Javascript How to define multiple variables on a single line?

Reading documentation online, I'm getting confused how to properly define multiple JavaScript variables on a single line.

If I want to condense the following code, what's the proper JavaScript "strict" way to define multiple javascript variables on a single line?

var a = 0;
var b = 0;

Is it:

var a = b = 0;


var a = var b = 0; 




You want to rely on commas because if you rely on the multiple assignment construct, you'll shoot yourself in the foot at one point or another.

An example would be:

>>> var a = b = c = [];
>>> c.push(1)
>>> a

They all refer to the same object in memory, they are not "unique" since anytime you make a reference to an object ( array, object literal, function ) it's passed by reference and not value. So if you change just one of those variables, and wanted them to act individually you will not get what you want because they are not individual objects.

There is also a downside in multiple assignment, in that the secondary variables become globals, and you don't want to leak into the global namespace.

(function() {  var a = global = 5 })();
alert( // 5

It's best to just use commas and preferably with lots of whitespace so it's readable:

var a = 5
  , b = 2
  , c = 3
  , d = {}
  , e = [];

Using Javascript's es6 or node, you can do the following:

var [a,b,c,d] = [0,1,2,3]

And if you want to easily print multiple variables in a single line, just do this:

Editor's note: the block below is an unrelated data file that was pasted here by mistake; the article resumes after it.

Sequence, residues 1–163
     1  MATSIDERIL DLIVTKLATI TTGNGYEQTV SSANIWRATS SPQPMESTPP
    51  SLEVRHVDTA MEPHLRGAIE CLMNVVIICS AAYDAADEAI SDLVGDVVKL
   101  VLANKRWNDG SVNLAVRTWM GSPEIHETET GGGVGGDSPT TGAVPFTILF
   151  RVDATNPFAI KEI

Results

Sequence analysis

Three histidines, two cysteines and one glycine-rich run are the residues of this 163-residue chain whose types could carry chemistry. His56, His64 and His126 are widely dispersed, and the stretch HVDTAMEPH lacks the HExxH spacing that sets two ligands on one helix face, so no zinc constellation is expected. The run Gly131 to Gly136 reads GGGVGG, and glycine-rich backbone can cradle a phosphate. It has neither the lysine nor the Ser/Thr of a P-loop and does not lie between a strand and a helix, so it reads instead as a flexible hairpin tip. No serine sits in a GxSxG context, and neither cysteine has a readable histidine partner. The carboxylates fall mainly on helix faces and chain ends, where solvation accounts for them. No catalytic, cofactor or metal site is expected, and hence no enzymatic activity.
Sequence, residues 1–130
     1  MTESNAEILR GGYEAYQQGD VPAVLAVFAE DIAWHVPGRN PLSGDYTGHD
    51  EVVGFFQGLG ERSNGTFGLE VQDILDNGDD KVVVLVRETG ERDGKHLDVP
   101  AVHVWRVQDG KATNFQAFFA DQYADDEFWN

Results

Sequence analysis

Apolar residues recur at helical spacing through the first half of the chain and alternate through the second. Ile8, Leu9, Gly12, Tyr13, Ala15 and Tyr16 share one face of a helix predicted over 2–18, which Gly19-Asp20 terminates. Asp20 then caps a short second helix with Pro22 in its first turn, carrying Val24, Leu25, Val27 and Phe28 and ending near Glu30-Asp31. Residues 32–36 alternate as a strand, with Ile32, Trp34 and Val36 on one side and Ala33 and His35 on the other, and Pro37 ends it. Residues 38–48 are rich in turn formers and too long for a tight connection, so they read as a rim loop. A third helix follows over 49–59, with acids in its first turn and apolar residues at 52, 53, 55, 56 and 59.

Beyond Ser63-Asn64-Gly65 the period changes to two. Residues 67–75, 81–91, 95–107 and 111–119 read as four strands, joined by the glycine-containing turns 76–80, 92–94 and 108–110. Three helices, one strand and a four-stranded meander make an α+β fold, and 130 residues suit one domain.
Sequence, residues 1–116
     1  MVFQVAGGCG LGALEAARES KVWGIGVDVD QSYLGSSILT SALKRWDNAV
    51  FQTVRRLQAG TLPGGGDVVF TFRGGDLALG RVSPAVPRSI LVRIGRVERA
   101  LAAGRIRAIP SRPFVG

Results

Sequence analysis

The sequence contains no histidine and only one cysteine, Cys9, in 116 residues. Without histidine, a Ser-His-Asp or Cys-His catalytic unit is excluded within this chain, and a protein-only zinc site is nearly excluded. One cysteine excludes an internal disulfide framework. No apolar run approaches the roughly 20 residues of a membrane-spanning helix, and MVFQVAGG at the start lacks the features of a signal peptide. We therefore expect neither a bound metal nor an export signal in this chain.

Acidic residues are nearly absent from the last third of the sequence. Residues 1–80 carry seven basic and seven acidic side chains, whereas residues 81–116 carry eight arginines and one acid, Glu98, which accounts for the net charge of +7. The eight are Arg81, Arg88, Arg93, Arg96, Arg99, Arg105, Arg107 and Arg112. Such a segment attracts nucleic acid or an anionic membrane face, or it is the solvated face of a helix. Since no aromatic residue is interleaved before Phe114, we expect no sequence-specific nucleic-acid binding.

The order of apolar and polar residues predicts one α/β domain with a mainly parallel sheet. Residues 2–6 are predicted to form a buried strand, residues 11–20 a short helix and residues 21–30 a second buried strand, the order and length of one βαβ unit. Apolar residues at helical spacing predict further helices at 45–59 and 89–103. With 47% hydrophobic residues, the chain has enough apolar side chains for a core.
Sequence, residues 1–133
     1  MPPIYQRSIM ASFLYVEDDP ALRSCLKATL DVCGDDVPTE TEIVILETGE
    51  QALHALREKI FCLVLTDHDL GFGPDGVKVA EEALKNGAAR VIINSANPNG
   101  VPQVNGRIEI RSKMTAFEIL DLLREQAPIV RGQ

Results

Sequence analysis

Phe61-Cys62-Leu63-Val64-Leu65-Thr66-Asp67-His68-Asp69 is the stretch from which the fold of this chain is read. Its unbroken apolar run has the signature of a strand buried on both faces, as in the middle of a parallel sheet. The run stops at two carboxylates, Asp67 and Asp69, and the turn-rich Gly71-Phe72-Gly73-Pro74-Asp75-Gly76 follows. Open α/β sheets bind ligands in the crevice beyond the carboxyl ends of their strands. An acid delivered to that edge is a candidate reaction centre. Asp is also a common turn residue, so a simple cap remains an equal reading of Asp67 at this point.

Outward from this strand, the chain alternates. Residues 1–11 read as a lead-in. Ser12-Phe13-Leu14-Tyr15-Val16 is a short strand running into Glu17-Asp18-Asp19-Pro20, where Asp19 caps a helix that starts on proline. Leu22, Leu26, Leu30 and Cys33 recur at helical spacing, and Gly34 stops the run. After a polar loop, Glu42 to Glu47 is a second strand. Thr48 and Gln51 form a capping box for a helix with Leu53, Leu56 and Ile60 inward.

console.log(a, b, c, d)

0 1 2 3

This is similar to @alex gray 's answer here, but this example is in Javascript instead of CoffeeScript.

Note that this uses Javascript's array destructuring assignment


There is no way to do it in one line with assignment as value.

var a = b = 0;

makes b global. A correct way (without leaking variables) is the slightly longer:

var a = 0, b = a;

which is useful in the case:

var a = <someLargeExpressionHere>, b = a, c = a, d = a;

Why not doing it in two lines?

var a, b, c, d;    //All in the same scope
a = b = c = d = 1; // Set value to all.

The reason why, is to preserve the local scope on variable declarations, as this:

var a = b = c = d = 1;

will lead to the implicit declarations of b, c and d on the window scope.


Here is the new ES6 method of declaration multiple variables in one line:

const person = { name: 'Prince', age: 22, id: 1 };

let {name, age, id} = person;


* Your variable name and object index need be same


Specifically to what the OP has asked, if you want to initialize N variables with the same value (e.g. 0), you can use array destructuring and Array.fill to assign to the variables an array of N 0s:

let [a, b, c, d] = Array(4).fill(0);

console.log(a, b, c, d);


note you can only do this with Numbers and Strings

you could do...

var a, b, c; a = b = c = 0; //but why?

// c = 1, b = 0, a = 0;


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